US Steel announces up to 200 layoffs at Great Lakes Works in Ecorse, Michigan

By Jessica Goldstein
22 August 2019

US Steel (USS) will temporarily lay off up to 200 workers at its Great Lakes Works facility in the suburban Detroit city of Ecorse, Michigan by the end of September due to the idling of a blast furnace at the mill. US Steel blamed “market conditions” for the layoffs, adding that the time off could exceed six months and that there could be even more layoffs later based on market demands.

The company said all parts of the mill will be affected by the job cuts. Fifty production workers were already laid off between July 21 and August 4, according to company reports to the State of Michigan. According to a US Steel spokeswoman, layoff notices to at least 200 employees were issued earlier this month.

The steel layoffs come as the officials in Gary, Indiana and the State of Indiana have offered US Steel a $47 million tax break in order to help it invest $750 million into its Gary Works plant. The company has reported $6.86 million in gross profit for the first two quarters of 2019. Although below its gross profit for the first two quarters of the previous two years, USS has earned well above its total gross profit for the entire year of 2016.

Workers leaving the Ecorse US Steel mill

The layoffs are part of an escalating number of job cuts across all industries in the US and internationally since the beginning of the year. Chicago-based global outplacement company Challenger, Gray and Christmas noted in April that layoffs increased by 35.6 percent compared to the same quarter in 2018. This was the worst first quarter for layoffs since 2009, a year after the Wall Street crash plunged the world economy into recession.

US Vice President Mike Pence visited Detroit on Monday to defend the Trump administration’s trade war policies, which have reverberated to hit the US economy. Retaliation by China has hit US farmers as well as farm equipment makers like John Deere and is now impacting steel manufacturers. “Despite the irresponsible rhetoric of many in the mainstream media, the American economy is strong, and the US economic outlook remains strong, as well,” Pence declared.

Steel prices in the US rose at the beginning of 2018 after the Trump administration’s 25 percent import tariffs against foreign steel were initially rolled out in March, mainly aimed against China. Since then, as companies around the world have opted for cheaper alternatives and countries have retaliated with their own tariffs, steel prices have dropped significantly. Prices of hot-rolled coil are down 37 percent from their peak in 2018, and US Steel’s stock price dipped 73 percent below its high point when the tariffs were announced.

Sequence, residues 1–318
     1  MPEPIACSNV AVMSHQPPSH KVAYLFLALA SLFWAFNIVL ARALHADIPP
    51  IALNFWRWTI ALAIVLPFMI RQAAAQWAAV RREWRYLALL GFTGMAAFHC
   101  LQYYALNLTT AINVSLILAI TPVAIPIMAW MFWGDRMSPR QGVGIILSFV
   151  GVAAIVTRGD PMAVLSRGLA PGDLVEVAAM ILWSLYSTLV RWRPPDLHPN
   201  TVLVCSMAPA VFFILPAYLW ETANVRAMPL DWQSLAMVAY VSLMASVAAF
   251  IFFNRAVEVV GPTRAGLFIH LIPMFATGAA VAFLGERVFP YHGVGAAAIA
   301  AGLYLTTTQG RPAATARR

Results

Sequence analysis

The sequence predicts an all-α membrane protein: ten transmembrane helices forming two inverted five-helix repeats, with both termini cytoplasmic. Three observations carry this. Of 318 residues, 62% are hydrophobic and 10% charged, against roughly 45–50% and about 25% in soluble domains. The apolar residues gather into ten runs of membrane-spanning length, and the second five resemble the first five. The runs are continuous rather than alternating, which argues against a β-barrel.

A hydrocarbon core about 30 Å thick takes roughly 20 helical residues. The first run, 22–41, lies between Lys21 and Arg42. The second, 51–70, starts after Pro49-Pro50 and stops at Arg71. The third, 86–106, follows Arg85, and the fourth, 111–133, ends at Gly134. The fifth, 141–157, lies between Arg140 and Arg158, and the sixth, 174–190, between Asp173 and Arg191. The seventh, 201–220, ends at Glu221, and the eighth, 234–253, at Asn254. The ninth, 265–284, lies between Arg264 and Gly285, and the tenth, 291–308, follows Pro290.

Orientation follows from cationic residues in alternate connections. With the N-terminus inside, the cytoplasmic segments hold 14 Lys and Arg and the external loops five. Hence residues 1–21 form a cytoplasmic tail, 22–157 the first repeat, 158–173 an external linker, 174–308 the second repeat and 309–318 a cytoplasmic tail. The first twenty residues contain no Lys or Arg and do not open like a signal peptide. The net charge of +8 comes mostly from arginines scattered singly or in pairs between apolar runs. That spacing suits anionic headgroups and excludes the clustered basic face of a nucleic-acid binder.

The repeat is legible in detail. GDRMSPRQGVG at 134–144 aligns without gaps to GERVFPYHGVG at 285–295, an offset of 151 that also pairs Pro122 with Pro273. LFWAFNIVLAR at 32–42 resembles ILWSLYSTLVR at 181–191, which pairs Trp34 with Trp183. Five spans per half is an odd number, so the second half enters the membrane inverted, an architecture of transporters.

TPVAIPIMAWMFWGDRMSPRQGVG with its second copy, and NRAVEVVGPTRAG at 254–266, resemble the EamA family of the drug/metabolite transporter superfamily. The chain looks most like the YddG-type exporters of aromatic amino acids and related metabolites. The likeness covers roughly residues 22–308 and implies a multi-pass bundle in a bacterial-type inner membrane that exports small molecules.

The United Steelworkers union has been the staunchest supporter of Trump’s trade war policies, which is in line with the USW’s decades-long promotion of anti-Asian and anti-foreigner chauvinism and promotion of economic nationalism.

Workers expressed their disgust on Facebook toward the Trump administration’s protectionist policies and the planned layoffs. “Thanks Donald, tariffs are working great!” one worker posted. Another said, “Trump does things for the benefit of his business and his rich friends. Tariffs are hurting our economy and jobs. How does this make America great?”

“Sure glad those corporate tax breaks went to stock repurchasing,” one worker said, while another added, “Bye-bye, jobs. Corporations got their tax breaks so they don’t have to care about employees. They always care about their bottom line.”

Another steelworker posted: “US Steel has operated like this since my dad worked for them in the ’50s. They run full-bore and then shut down for months. ... But here was the real rub: if you were laid off you had a hell of a time collecting unemployment because the ‘lay off’ was ‘temporary.’ It’s how US Steel dodges high unemployment experience ratings. It’s not illegal. Immoral? Sure. Illegal? No.”

“How do they expect people to not pay their bills for six months?” wrote another.

For their part, the Democrats are equally reactionary and pro-big business. Some sections of the Democratic Party have criticized parts of Trump’s trade war agenda but only from the standpoint of the interests of Wall Street and particular sections of import-dependent industries. The Obama administration’s response to rising global competition was the policy of “in-sourcing,” i.e., working with the unions to slash labor costs so low in America as to attract foreign capital.